Describe how the kidney handles sodium. (50 marks) What factors influence urinary sodium excretion (50 marks)

[Click here to toggle visibility of the answers]

College Answer

Candidates were essentially expected to describe the fate of sodium as t passes through the
kidney from filtration at the glomerulus to ending up in the urine. Essentially, most Na+ is
reabsorbed at the proximal tubule (65%), reabsorption being down an electrochemical
gradient (inside cell negative and low Na+ concentration) which is maintained by active
Na+/K+ ATPase activity at the basolateral membrane. Then Loop of Henle reabsorbs a
further 15% of filtered Na+. At descending limb – no Na+ reabsorption. At ascending limb,
thick segment – active process as per proximal tubule, but mostly coupled to K+ and Cl- and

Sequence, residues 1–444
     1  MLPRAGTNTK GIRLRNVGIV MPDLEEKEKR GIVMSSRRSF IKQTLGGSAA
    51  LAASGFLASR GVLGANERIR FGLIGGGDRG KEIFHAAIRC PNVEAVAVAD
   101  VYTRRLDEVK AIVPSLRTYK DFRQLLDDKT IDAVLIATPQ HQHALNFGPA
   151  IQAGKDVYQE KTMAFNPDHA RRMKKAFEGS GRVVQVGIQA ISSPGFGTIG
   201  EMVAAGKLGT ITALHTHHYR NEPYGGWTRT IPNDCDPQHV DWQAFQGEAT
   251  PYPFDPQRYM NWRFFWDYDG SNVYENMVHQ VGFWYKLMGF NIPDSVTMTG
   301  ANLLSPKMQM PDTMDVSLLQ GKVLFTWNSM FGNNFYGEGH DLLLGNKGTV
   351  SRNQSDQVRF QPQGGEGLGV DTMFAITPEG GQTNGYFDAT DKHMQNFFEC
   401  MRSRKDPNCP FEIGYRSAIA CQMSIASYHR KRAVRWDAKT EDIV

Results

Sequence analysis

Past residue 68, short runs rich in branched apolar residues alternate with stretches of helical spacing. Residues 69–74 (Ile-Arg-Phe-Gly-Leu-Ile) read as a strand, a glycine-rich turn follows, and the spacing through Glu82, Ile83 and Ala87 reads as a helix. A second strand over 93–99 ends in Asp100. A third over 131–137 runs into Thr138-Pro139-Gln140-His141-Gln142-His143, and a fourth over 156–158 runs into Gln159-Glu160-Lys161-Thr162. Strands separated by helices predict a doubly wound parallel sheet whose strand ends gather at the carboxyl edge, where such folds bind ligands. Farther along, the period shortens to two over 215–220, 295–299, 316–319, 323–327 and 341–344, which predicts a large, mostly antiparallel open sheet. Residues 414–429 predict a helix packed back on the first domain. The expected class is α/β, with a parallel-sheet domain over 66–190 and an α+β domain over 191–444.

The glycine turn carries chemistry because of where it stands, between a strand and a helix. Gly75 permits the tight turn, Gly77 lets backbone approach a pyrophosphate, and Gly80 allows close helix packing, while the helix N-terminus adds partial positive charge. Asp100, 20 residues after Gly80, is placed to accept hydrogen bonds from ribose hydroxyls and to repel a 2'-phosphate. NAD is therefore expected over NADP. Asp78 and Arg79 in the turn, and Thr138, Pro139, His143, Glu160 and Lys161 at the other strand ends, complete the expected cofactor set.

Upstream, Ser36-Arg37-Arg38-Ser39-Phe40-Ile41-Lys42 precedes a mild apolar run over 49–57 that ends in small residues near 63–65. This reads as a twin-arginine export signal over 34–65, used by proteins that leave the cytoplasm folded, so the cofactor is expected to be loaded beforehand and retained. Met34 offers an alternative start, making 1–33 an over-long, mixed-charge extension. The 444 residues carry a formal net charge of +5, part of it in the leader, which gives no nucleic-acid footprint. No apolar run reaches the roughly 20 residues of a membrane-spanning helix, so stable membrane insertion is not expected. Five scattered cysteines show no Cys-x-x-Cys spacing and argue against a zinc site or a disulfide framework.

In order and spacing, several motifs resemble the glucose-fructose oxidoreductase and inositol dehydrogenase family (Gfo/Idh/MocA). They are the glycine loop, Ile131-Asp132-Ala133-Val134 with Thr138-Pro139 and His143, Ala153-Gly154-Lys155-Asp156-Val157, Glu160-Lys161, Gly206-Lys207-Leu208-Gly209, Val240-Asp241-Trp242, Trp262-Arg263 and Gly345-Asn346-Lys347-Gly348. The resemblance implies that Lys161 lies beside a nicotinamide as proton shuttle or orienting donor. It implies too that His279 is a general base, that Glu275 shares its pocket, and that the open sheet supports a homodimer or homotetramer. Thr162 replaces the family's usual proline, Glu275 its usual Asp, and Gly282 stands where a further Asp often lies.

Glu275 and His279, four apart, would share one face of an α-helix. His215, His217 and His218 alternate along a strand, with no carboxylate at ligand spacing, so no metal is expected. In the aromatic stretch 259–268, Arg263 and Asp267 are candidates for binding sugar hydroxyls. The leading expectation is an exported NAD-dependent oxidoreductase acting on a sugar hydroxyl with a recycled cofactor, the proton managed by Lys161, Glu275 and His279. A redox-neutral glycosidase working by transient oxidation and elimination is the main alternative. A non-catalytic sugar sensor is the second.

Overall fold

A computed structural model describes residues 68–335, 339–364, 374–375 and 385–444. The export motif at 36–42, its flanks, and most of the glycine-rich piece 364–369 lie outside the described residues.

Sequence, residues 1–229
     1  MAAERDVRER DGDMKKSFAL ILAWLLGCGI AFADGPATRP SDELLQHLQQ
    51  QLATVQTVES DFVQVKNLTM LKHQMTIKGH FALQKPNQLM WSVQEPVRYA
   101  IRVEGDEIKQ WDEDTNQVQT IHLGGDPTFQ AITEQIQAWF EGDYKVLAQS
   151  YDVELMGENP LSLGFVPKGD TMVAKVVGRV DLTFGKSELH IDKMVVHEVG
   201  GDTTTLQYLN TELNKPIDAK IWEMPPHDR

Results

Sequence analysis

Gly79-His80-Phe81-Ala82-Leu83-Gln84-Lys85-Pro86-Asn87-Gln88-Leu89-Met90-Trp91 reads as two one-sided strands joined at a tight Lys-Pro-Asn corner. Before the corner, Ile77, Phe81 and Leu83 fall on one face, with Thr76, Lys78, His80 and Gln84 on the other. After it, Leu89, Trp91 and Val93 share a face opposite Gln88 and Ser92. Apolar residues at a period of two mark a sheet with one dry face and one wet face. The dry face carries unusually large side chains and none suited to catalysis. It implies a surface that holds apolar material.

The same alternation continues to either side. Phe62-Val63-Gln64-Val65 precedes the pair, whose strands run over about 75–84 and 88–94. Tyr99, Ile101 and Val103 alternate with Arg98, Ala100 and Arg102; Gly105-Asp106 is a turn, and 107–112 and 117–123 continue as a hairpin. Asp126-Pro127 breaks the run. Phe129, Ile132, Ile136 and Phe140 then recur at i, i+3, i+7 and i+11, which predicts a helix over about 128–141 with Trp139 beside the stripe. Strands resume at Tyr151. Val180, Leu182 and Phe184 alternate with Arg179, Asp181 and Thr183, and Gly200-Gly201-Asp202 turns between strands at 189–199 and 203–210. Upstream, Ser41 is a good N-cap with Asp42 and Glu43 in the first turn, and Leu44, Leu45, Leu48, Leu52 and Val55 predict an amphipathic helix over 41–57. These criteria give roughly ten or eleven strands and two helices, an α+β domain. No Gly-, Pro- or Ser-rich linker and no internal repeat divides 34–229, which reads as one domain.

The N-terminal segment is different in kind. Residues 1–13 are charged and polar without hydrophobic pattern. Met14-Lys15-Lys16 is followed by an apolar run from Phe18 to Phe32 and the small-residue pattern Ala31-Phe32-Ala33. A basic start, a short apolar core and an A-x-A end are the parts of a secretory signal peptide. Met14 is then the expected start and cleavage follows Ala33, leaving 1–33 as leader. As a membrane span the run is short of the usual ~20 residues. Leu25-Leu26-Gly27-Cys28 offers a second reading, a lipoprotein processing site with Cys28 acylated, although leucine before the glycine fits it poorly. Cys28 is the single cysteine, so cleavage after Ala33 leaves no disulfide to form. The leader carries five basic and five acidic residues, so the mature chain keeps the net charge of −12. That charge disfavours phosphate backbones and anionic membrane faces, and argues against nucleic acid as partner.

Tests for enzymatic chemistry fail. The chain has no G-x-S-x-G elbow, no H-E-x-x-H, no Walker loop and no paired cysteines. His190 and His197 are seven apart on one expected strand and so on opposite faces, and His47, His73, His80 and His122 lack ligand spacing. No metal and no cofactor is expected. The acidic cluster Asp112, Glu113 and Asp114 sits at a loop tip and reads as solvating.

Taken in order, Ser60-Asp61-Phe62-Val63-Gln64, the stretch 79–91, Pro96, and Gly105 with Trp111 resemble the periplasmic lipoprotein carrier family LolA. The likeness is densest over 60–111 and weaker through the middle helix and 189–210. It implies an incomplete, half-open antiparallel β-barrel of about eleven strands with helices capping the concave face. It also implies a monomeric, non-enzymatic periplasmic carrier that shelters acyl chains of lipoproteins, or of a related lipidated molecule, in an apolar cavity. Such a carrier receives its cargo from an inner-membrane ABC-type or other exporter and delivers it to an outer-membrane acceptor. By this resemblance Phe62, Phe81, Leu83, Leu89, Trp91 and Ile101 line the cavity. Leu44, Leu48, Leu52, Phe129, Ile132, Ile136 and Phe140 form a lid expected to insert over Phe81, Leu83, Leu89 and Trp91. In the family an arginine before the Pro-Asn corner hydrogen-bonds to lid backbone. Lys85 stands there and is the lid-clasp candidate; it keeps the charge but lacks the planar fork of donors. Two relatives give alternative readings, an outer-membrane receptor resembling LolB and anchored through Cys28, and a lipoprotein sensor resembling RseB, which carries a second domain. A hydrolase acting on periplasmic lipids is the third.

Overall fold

paracellular diffusion through tight junctions. Finally the distal convoluted tubule and
collecting ducts, a further almost 20% reabsorbed – leaving < 1%
Factors influencing loss are
- aldosterone = stimulates Na+ reabsorption at the collecting tubules
- intra renal factors such as interstitial pressure which is lowered during
hypovolaemia and reduced renal perfusion, thus promoting Na+ reabsorption
- sympathetic nervous system – influences interstitial pressure and increases renin
- angiotensin II – stimulates reabsorption at proximal tubule
- Atrial Naturetic Peptide/Factor – inhibits Na+ reabsorption
- Others – dopamine, cortisol, insulin => increase Na+ reabsorption, but minor

Reference – Textbook of medical Physiology, Guyton, Chp 28